• Closing the UK’s gender gap could add an additional £23 billion to the treasury. Source
  • Increasing female employment and productivity to the levels of men is estimated to be worth 35% of GDP. Source
  • Government regulations launched in 2017 require all businesses employing at least 250 staff to publish set data on their gender pay gaps. The move has been hailed as an important step in eliminating the UK economy’s 18.1% gender pay gap. Source
  • Increasing the number of women on boards and in the leadership pipeline continues to be an important issue. The Government-backed Davies report recommends women should hold 33% of board seats at FTSE 350 companies by 2020. Source
  • The Hampton-Alexander review builds on this. It recommends 33% of Executive Committee roles (and their direct reports) be held by women by the end of the decade. Source

 

Cranes silhouetted against an evening sky

Skills shortage in transport and infrastructure

The transport industry contributes over £90 billion annually to the UK economy, but a wealth of reports warn that the industry must undergo a radical overhaul in order to remain competitive in the face of disruptive forces, such as globalisation and technological innovation.

  • Government predicts the transport infrastructure skills shortfall will be 55,000 workers by 2020. Source But not all companies in the sector accept there is a shortage.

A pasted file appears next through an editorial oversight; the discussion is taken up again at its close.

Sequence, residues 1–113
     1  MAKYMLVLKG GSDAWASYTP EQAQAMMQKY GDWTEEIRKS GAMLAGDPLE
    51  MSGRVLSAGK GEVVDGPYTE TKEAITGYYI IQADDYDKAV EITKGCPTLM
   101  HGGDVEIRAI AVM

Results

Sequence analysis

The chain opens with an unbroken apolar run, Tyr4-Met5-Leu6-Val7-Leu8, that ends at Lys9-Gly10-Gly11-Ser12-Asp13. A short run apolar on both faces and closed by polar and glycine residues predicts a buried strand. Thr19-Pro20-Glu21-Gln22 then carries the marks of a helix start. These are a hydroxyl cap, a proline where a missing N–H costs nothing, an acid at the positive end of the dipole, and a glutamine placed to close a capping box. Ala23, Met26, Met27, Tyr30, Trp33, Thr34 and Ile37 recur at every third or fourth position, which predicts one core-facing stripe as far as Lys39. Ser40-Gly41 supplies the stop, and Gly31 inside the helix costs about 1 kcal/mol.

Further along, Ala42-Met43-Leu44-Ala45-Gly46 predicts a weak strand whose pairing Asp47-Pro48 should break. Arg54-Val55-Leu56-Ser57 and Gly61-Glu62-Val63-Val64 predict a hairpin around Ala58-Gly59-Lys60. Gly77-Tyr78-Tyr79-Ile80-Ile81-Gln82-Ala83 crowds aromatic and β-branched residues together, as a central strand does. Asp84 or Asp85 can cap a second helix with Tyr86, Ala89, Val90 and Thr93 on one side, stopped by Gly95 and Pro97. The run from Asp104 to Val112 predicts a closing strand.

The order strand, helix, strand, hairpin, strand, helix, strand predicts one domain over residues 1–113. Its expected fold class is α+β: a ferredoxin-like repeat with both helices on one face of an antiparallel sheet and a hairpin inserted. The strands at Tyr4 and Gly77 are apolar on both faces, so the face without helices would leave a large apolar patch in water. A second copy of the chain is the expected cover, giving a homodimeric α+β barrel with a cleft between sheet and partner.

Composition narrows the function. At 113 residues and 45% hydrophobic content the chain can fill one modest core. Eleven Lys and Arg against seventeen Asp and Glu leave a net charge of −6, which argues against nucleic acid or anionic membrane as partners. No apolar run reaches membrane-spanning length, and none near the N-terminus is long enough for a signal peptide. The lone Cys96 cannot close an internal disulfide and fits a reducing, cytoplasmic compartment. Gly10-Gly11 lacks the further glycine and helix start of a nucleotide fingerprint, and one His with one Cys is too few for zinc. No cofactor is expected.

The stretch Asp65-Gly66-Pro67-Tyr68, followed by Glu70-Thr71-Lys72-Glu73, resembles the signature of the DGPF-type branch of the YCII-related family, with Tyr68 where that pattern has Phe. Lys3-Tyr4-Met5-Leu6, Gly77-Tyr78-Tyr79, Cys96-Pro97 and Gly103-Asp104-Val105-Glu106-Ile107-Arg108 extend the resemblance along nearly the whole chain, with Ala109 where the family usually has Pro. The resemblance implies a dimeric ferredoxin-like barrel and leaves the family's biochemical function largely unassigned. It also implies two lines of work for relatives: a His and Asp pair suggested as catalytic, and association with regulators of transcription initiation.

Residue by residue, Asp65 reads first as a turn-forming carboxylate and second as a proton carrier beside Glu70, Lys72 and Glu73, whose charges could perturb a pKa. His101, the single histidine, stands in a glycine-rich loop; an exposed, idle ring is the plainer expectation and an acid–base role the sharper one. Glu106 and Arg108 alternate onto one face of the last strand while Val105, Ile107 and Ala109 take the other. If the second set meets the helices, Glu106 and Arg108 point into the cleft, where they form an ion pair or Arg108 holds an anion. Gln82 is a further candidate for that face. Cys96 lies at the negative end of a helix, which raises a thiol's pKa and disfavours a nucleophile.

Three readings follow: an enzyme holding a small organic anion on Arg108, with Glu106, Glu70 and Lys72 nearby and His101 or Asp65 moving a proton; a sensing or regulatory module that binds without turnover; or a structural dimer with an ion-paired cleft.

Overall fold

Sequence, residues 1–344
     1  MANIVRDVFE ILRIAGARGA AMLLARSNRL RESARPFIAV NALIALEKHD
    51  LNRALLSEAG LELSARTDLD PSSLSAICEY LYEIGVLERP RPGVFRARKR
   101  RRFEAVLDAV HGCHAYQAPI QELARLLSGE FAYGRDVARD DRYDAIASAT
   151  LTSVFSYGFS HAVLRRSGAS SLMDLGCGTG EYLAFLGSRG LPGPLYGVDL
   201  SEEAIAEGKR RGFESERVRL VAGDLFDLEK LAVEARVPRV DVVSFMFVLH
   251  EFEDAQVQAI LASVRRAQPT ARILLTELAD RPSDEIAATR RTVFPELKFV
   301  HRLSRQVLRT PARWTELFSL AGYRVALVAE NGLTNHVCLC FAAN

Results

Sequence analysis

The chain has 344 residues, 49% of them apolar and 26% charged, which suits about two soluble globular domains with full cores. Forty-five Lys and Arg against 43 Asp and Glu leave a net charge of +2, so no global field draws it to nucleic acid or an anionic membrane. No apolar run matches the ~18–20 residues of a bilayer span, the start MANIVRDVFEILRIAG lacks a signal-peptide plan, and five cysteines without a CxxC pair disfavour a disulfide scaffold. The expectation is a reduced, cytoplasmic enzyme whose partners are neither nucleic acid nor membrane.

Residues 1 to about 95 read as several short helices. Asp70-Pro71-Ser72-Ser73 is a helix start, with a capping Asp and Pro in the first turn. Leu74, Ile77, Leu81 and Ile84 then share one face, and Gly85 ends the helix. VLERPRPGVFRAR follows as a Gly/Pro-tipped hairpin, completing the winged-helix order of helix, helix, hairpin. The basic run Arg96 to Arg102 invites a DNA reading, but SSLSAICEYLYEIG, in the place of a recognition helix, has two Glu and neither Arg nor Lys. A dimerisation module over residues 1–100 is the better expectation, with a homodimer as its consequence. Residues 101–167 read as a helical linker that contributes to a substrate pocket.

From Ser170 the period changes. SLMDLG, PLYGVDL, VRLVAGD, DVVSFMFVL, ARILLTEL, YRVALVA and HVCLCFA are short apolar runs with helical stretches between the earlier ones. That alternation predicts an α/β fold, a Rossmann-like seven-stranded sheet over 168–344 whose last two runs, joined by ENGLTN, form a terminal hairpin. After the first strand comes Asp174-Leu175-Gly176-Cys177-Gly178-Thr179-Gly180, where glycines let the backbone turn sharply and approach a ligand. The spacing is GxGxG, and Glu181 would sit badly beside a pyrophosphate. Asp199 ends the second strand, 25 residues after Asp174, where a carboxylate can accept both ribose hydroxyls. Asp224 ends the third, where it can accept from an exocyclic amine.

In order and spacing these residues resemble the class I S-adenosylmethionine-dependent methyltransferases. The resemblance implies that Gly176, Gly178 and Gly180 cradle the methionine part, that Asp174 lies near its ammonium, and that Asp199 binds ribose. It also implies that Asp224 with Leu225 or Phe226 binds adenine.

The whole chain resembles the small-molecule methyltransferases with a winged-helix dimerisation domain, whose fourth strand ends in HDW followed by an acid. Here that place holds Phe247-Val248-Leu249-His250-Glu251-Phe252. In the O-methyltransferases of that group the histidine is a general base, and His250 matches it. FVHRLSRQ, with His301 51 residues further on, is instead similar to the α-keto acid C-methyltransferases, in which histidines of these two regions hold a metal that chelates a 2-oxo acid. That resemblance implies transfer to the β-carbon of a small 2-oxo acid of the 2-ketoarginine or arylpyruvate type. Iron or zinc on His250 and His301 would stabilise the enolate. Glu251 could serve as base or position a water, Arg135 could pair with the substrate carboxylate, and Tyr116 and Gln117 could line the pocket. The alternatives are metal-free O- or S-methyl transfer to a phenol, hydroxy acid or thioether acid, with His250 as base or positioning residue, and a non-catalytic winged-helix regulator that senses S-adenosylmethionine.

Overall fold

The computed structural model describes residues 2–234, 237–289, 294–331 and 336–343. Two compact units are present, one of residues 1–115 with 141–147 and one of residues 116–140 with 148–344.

• The consequences of the skills shortage on the delivery of projects could include: higher project costs, delays to projects, damage to UK economy and global competitiveness, impact on delivery quality and reliance on overseas skills to plug the gap. Source
  • Over 1.2million extra transport, logistics and infrastructure jobs are required by 2022. Young people, educated in STEM subjects, have been highlighted as a key source of much-needed technology skills. Yet currently, only 9% of the sector is aged under 25. Source
  • Transportation and logistics executives need to make improving the sector’s image a top priority – and the commitment should come straight from the top. A dearth of training programmes, and a failure to get the message through to graduates that the sector is one in which can you have a long, varied and high-paid career, are some of the factors behind the image problem. Source
  • The Transport Infrastructure Skills strategy recognises the need to change how a career in transport is perceived. And that the industry needs to encourage more people into transport careers to meet the challenges of technology and deliver the pipeline of transport infrastructure projects. Source

 

Highway road lit up at night